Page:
- Mark Bunge
- It’s more difficult to retire early if you start from zero savings or have debt.
- That wasn’t the case for Tanja Hester, who retired at 38. She had a head start with retirement savings and home equity, she told The Cut.
- But it still took Hester six years to save enough to retire, which she did in part by moving to a city with a lower cost of living.
She was driven to retire early by a demanding work life that put stress on both her physical health and her marriage, she said.
“Isn’t the idea that you’re supposed to achieve more to get a better lifestyle, not a worse one? It was like my work advancement came at the expense of the rest of my life,” Hester, a blogger at Our Next Life, told The Cut.
Before they officially left their jobs, Hester and her husband had put away about 37 times their annual spending, but they weren’t starting from scratch.
“It took us about six years to save up for our retirement, and we were not starting from zero. I want to be very clear about that,” she told The Cut. “We had retirement savings and home equity before we began the process. I don’t think most people can retire at 38 like I did.”
Looking back, Hester said, she worked hard on her own as the child of a single dad on disability to eventually be able to retire early, but she was helped by at least some “luck and privilege,” including graduating from college with very little debt. Still, Hester and her husband have “always been big savers,” she said.
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Hester wrote in her book, “Work Optional: Retire Early the Non-Penny-Pinching Way,” that there are a number of ways to fast-track yourself to financial independence and create support structures to stay on that path, Business Insider’s Hillary Hoffower reported.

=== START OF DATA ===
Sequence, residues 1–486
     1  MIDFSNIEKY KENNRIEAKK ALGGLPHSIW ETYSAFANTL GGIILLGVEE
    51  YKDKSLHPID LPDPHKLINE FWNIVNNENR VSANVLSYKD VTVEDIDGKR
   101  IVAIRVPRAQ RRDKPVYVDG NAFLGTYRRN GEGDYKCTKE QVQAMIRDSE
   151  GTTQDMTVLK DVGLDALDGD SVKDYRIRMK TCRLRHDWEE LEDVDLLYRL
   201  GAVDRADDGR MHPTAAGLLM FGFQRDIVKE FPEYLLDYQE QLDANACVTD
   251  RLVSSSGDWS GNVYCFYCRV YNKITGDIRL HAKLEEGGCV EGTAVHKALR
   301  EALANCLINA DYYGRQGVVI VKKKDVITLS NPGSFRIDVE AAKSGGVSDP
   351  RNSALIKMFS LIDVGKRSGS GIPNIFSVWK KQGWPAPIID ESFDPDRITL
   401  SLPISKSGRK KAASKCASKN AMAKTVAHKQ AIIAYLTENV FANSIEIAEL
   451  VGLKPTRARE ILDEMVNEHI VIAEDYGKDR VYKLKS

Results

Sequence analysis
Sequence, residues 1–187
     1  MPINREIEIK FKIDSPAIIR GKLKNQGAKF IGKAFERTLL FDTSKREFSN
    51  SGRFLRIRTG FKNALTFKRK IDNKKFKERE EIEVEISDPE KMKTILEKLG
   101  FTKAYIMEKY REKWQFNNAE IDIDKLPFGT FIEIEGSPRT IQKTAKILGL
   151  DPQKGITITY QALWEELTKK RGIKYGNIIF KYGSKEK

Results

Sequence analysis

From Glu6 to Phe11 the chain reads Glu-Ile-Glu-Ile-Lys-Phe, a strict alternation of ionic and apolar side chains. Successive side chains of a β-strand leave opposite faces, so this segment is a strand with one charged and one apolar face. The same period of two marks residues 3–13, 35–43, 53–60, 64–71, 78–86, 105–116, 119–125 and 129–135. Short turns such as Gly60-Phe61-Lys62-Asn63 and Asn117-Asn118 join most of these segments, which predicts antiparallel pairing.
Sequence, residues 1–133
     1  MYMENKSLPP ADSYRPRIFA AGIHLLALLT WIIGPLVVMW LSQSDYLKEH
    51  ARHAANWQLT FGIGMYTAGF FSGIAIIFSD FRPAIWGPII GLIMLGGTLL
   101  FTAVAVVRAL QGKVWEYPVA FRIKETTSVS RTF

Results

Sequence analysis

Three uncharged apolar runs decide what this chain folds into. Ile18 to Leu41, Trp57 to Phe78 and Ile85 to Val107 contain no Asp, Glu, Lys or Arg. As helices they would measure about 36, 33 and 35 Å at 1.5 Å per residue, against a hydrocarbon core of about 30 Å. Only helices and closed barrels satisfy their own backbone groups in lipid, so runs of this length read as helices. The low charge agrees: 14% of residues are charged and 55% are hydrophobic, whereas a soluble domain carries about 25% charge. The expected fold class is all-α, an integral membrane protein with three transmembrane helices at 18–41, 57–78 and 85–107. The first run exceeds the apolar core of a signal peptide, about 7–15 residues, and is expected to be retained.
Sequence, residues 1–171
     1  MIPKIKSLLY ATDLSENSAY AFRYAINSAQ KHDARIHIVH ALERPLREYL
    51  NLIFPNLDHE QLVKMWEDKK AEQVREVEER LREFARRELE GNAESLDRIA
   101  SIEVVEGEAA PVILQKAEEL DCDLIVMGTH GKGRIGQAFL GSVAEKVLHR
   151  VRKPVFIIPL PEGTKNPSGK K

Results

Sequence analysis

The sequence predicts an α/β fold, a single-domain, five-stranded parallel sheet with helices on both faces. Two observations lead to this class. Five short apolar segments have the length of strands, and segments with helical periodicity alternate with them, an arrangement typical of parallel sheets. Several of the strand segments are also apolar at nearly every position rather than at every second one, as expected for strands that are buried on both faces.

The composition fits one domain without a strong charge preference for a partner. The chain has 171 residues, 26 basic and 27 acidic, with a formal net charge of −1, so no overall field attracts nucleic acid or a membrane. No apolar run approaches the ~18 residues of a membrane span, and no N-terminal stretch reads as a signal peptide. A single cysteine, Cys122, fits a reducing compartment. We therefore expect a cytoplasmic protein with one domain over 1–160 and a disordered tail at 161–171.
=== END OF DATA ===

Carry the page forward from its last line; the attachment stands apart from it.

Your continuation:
“There are two sides to the saving equation that affect how quickly you can save: how much you earn and how much you spend,” Hester wrote. She outlines four steps to quick savings progress: underspend on housing, underspend on transportation, increase your earnings, and use your raises to increase your savings.
“What really helped us do it was that we moved from LA to Tahoe, which has a much lower cost of living,” Hester told The Cut. “We bought a home here in 2011, when the housing market was in our favor, and telecommuted for years.”
Ultimately, deciding how much money you need to retire early really depends on two factors: your cost of living and how much you expect to earn through investments or passive income during retirement. Once you’ve calculated that amount – which Grant Sabatier, a self-made millionaire who retired at 30, calls your “target number” – you can figure out how much you need to save monthly, weekly, or even daily to get there.